As CSU students get ready to vote in November (many for the
first time), attention is mostly focused on the race for President.
But other contests further down the ballot are also important and
warrant your serious consideration. In particular, with the
Colorado House and Senate fairly evenly divided between Democrats
and Republicans, your votes for state representative and state
Senator will help determine which party controls the statehouse and
writes the state budget for the next two to four years. That in
turn will make a big difference in higher education funding-and in
the quality of the education you receive at CSU.
As CSU President Penley recently stated, several years of cuts
in state funding-millions of dollars in cuts-have left our
university’s finances in a dangerous state (Coloradoan article,
Sept. 15, 2004). Because CSU runs a pretty tight ship, cuts in
funding must be made up in reduced services, increased tuition, or
some combination of the two. We are already seeing this at our
university. Faculty members are retiring and their positions are
not being refilled. Classes are harder to get into and they are
often larger when you do get into them. The CSU Board of Governors
recently proposed a 21 precent increase in tuition to make up for
state funding shortfalls.
The economic outlook for CSU is poor, not because people don’t
want a quality and affordable higher education. More and better
students are applying to CSU than ever before. The
problem is that funding higher education is a low priority of
our Republican governor and Republican State legislature. They have
drastically cut state funding for higher ed, and we are told that
more cuts are in store.
The numbers tell the story. Democrats lost control of the state
senate in 2002, leaving Republicans in complete control of the
state budget. Between fiscal years ’02 and ’04, state tax funds
earmarked for higher education declined 21.8 percent in Colorado.
This was the second steepest decline among all 50 US states during
that time period (data in this piece are from Illinois State
University’s Center for the Study of Education Policy, “Annual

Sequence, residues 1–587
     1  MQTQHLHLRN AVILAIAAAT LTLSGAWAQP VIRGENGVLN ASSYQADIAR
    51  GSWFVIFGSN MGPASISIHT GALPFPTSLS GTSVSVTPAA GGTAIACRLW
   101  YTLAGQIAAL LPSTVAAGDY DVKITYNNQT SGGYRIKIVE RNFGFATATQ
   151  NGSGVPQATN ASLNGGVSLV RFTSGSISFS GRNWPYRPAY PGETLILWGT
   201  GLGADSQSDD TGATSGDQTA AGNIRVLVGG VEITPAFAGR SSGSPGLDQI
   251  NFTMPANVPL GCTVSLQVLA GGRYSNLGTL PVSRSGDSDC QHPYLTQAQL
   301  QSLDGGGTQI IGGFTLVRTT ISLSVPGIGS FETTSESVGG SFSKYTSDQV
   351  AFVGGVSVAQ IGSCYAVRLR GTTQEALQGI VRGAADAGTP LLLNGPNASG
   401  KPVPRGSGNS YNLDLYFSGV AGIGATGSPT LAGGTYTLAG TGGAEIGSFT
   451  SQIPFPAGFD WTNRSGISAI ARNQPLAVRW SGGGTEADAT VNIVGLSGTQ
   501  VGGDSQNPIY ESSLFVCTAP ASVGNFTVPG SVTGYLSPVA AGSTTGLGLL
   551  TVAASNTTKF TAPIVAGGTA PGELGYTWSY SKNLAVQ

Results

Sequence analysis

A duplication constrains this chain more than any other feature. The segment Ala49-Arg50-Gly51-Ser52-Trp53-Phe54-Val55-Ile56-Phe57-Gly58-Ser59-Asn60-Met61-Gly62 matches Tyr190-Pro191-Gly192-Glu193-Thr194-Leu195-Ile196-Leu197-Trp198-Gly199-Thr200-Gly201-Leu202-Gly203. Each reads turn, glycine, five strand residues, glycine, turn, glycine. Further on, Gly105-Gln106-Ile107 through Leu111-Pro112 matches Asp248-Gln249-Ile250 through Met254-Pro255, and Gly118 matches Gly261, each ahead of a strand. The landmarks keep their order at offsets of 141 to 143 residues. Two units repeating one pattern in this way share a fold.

Compilation of Data on State Tax Appropriations”).
After years of anemic support, Colorado now ranks 47th among the
states in per capita appropriations for higher education.
Incredibly, Mississippians spend over twice as much as Coloradoans,
per person, to support their public universities.
Some of this can be laid at the door of the Taxpayers Bill of
Rights (TABOR)-but not all. Some rests directly on the shoulders of
our Republican legislators and governor. Between FY03 and FY04,
Colorado’s general revenues increased 4.3 percent. Due partly to
TABOR , state expenditures during that time decreased by 4.5
percent, but appropriations for higher education decreased by 13.7
That huge decrease in funding shows just how low a priority our
governor and Republican legislators place on higher education,
compared to building roads or prisons. They could have allocated
more money to higher education; no other major area of state
funding was cut so drastically. And of course, we have known TABOR
was death to higher education funding for years. The same governor
and legislators who hide behind TABOR while cutting higher
education, have killed all measures to amend it in the upcoming
When Penley visits the state legislature he must ask for
bipartisan support for higher education. The record is clear:
Republicans do not support higher education in Colorado. Democrats
do. With no gubernatorial race this year, unless Democrats take one
or both houses of the state legislature, there will be no strong
advocacy for higher education down in Denver for at least the next
two years. The cuts will continue.
Before you vote for a Republican in any upcoming state house or
senate race, remember that you are also voting to cut higher
education funding for the next two to four years in Colorado. Those
cuts will translate directly into higher tuition and fees, and
fewer and larger classes, for you and your fellow students.
Philip Cafaro, Associate Professor of Philosophy
Ruth Alexander, Professor of History
Eric Aoki, Associate Professor of Speech Communication
William Bertschy, Director, Pingree Park Campus
Ellen Brinks, Associate Professor of English
Carol Cantrell, Professor of English
Mark Easter, Research Associate, CSU Natural Resource Ecology
David Jones, Ecologist , CSU Center for Environmental Management
of Military Lands
Robert Jordan, Associate Professor of Philosophy
Boris Kondratieff, Professor of Bioagricultural Sciences and
David Lindstrom, Associate Professor of English
Dan Lyons, Emeritus Professor of Philosophy
James Maffie, Associate Professor of Philosophy
Norberto Valdez, Associate Professor Anthropology
Irene Vernon, Associate Professor, Center for Applied Studies in